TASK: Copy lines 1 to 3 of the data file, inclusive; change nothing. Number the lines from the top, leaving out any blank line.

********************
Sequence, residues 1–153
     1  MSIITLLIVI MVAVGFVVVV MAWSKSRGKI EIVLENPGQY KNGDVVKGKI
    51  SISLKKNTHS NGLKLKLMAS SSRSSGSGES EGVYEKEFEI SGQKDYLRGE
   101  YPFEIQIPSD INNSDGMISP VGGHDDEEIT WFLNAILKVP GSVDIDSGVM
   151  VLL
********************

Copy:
Sequence, residues 1–153
     1  MSIITLLIVI MVAVGFVVVV MAWSKSRGKI EIVLENPGQY KNGDVVKGKI
    51  SISLKKNTHS NGLKLKLMAS SSRSSGSGES EGVYEKEFEI SGQKDYLRGE